Infarction 10 (14.3) 23 (25.6) 0.08
 Syncytial knots 8 (11.4) 19 (21.1) 0.11
 Calcifications 23 (32.9) 18 (20.0) 0.07
Infant variables
 Birth weight (g) 3,208.8±530.11 2,024.4±518.98 <0.001
 Gestational age (wk) 38.9±1.38 33.0±1.98 <0.001
 Male sex 36 (51.4) 55 (61.1) 0.22
  White 11 (15.7) 11 (12.2)
  Black 18 (25.7) 24 (26.7)
  Hispanic 36 (51.4) 47 (52.2)
 Other 5 (7.1) 8 (8.9)
 Growth 0.99
  Appropriate for gestational age 59 (84.3) 76 (84.4)
  Large for gestational age 5 (7.1) 6 (6.7)
  Small for gestational age 6 (8.6) 8 (8.9)
Apgar at 1 min 7.3±2.45 7.4±1.89 0.89
Apgar at 5 min 8.2±1.55 8.2±1.10 0.66
Maternal variable
 Age (yr) 28.1±5.99 30.4±6.49 0.02
 Substance abuse 2 (2.9) 3 (3.3) 1.00
 Gestational diabetes mellitus 5 (7.1) 7 (7.8) 0.88
 Maternal hypertension 9 (12.9) 26 (28.9) 0.02
 Magnesium sulfate (maternal treatment) 14 (20.0) 44 (48.9) <0.001
 Antibiotics (maternal treatment) 42 (60.0) 53 (58.9) 0.89
 Duration of rupture of membrane (hr) 13.6±13.54 9.1±15.66 <0.001

Values are presented as number (%) or mean±standard deviation.

Boldface indicates a statistically significant difference with P<0.05.

Table 2.
Results of multivariate analyses for late preterm infants
Variable Univariate Multivariate
Placental histopathology
Chorioamnionitis 0.22 (0.11–0.44)*** 0.33 (0.13–0.79)*
Funisitis 0.19 (0.06–0.59)** 0.59 (0.15–2.37)
Maternal variable
Age (yr) 1.06 (1.01–1.12)* 1.06 (0.998–1.12)
Maternal hypertension 2.75 (1.19–6.35)* 1.09 (0.36–3.26)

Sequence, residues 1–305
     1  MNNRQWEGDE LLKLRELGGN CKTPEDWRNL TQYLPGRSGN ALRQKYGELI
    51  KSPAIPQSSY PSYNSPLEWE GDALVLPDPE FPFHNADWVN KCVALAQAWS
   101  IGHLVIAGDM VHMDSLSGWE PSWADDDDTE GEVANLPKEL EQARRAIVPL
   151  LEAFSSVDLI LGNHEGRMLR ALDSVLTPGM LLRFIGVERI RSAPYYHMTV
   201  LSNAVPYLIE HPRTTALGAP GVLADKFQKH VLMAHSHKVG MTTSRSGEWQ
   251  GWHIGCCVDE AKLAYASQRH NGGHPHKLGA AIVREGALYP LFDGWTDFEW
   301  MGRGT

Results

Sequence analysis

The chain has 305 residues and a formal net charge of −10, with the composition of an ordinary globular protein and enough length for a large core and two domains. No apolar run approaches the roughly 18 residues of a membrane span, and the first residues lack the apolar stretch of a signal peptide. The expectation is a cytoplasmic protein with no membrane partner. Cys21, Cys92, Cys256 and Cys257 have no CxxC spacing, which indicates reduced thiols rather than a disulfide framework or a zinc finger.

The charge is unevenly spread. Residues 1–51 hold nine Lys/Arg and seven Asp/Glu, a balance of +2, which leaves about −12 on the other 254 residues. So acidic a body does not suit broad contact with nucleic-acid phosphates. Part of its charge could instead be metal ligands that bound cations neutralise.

Receipt of Magnesium sulfate 3.83 (1.87–7.84)*** 2.86 (1.12–7.29)*
Rupture of membrane (hr) 0.34 (0.20–0.59)*** 1.002 (0.98–1.03)

Values are presented as odds ratio (confidence interval).

* P<0.05,

** P<0.01,

*** P<0.001


1. Shapiro-Mendoza CK, Lackritz EM. Epidemiology of late and moderate preterm birth. Semin Fetal Neonatal Med 2012;17:120–5.
crossref pmid pmc
2. Loftin RW, Habli M, Snyder CC, Cormier CM, Lewis DF, Defranco EA. Late preterm birth. Rev Obstet Gynecol 2010;3:10–9.
pmid pmc
3. Kugelman A, Colin AA. Late preterm infants: near term but still in a critical developmental time period. Pediatrics 2013;132:741–51.
crossref pmid
4. Darcy AE. Complications of the late preterm infant. J Perinat Neonatal Nurs 2009;23:78–86.
crossref pmid
5. Haroon A, Ali SR, Ahmed S, Maheen H. Short-term neonatal outcome in late preterm vs. term infants. J Coll Physicians Surg Pak 2014;24:34–8.
6. Roescher AM, Timmer A, Erwich JJ, Bos AF. Placental pathology, perinatal death, neonatal outcome, and neurological development: a systematic review. PLoS One 2014;9:e89419.
crossref pmid pmc
7. Perrone S, Toti P, Toti MS, Badii S, Becucci E, Gatti MG, et al. Perinatal outcome and placental histological characteristics: a single-center study. J Matern Fetal Neonatal Med 2012;25 Suppl 1:110–3.
crossref pmid
8. Moscuzza F, Belcari F, Nardini V, Bartoli A, Domenici C, Cuttano A, et al. Correlation between placental histopathology and fetal/neonatal outcome: chorioamnionitis and funisitis are associated to intraventricular haemorrage and retinopathy of prematurity in preterm newborns. Gynecol Endocrinol 2011;27:319–23.
crossref pmid
9. Stanek J. Comparison of placental pathology in preterm, late-preterm, near-term, and term births. Am J Obstet Gynecol 2014;210:234e1-6.
10. Catov JM, Scifres CM, Caritis SN, Bertolet M, Larkin J, Parks WT. Neonatal outcomes following preterm birth classified according to placental features. Am J Obstet Gynecol 2017;216:411e1-411.e14.
11. Machado Júnior LC, Passini Júnior R, Rodrigues Machado Rosa I. Late prematurity: a systematic review. J Pediatr (Rio J) 2014;90:221–31.
crossref pmid
12. Verma RP, Zhao Y, Niwas R, Kaplan C. Isolated placental inflammation and vasculopathy: clinical implications in the extremely low birth weight infants. Fetal Pediatr Pathol 2016;35:299–306.
crossref pmid
13. Laughon SK, Reddy UM, Sun L, Zhang J. Precursors for late preterm birth in singleton gestations. Obstet Gynecol 2010;116:1047–55.
crossref pmid pmc
METRICS Graph View
  • 1 Web of Science
  • 2 Crossref
  • 3 Scopus
  • 5,492 View
  • 208 Download